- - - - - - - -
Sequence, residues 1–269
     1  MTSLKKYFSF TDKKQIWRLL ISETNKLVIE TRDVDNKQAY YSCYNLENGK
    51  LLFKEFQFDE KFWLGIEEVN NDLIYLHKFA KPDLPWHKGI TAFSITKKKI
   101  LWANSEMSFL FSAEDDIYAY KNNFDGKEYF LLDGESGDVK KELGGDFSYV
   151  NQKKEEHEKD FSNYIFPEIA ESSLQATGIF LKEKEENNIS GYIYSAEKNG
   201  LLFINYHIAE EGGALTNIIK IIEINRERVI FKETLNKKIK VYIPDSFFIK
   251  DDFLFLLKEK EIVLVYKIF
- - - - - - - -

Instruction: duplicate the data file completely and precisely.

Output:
Sequence, residues 1–269
     1  MTSLKKYFSF TDKKQIWRLL ISETNKLVIE TRDVDNKQAY YSCYNLENGK
    51  LLFKEFQFDE KFWLGIEEVN NDLIYLHKFA KPDLPWHKGI TAFSITKKKI
   101  LWANSEMSFL FSAEDDIYAY KNNFDGKEYF LLDGESGDVK KELGGDFSYV
   151  NQKKEEHEKD FSNYIFPEIA ESSLQATGIF LKEKEENNIS GYIYSAEKNG
   201  LLFINYHIAE EGGALTNIIK IIEINRERVI FKETLNKKIK VYIPDSFFIK
   251  DDFLFLLKEK EIVLVYKIF